Left Forearm Surgery Might Sideline Rob Gronkowski

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After losing their franchise leader in receptions, Wes Welker, to their conference rivals the Denver Broncos, Tom Brady and New England Patriots could be without record-breaking tight end Rob Gronkowski for the start of the 2013 NFL season.

On Sunday, The Boston Herald reported that the pro bowl tight end may need surgery to wipe out an infection that resulted from a metal plate in his forearm. Gronkowski is about to finish a six-week cycle of antibiotic treatments he received at Massachusetts General Hospital.

Gronkowski initially broke his left forearm back on Nov. 18 in a regular season match up against the Indianapolis Colts. The original brake prompted an immediate surgery that forced him to sit out the next five weeks.

He received limited playing time in the final game of the regular season when New England took on divisional opponent the Miami Dolphins. Then in the AFC divisional playoff match up against the Houston Texans he sustained a separate forearm fracture above the first one.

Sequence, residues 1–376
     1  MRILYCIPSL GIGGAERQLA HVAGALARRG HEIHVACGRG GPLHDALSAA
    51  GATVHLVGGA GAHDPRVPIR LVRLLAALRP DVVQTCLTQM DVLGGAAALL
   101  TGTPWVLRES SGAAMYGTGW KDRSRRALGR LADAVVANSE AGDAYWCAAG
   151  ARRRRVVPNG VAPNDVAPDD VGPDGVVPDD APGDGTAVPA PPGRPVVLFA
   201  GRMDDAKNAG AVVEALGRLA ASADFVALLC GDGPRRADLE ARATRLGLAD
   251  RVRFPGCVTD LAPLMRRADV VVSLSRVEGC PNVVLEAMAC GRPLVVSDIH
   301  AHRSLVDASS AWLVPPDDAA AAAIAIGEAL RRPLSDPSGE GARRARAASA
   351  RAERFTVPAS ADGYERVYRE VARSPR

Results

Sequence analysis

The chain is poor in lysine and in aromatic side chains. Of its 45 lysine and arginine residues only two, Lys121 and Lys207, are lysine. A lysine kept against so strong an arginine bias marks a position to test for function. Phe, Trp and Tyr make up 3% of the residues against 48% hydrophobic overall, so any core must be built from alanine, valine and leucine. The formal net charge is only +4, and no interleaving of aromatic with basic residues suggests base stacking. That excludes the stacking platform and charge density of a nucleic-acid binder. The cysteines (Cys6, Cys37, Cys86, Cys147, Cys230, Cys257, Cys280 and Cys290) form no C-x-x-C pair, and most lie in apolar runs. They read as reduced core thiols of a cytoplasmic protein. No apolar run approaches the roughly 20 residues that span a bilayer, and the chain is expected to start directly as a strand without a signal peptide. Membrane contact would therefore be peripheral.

This pending surgery requires removing the original plate to decide if the infection is still present. If the infection has been destroyed a new plate will be set in place and he should be ready for the start of the 2013 season.

However, if an infection is detected than a second surgery cannot be performed until the tissue is free of the infection. Physicians estimate the surgery will require a 10 week recovery period that, done at a later time, would most likely hinder him from starting the season in September.

Although there are alternative treatments other than surgery, physicians are unsure whether these other options will successfully reveal the presence of infection.

Gronkowski notably down played his injury and the chance of infection as he visited several ESPN television programs:

"The arm is feeling way better than it was during the playoffs, and in the regular season when I broke it," Gronkowski said on the "Mike and Mike" morning show on ESPN. "Right now, I'm rehabbing, getting the muscle stronger around it. You want to get everything activated, re-activated, because it shuts down for a little bit when it's healing . . . when my trainers give me the good-to-go, hopefully in the next couple weeks, as soon as possible, I can get rolling again . . . doing what I love doing, catching some balls."

 

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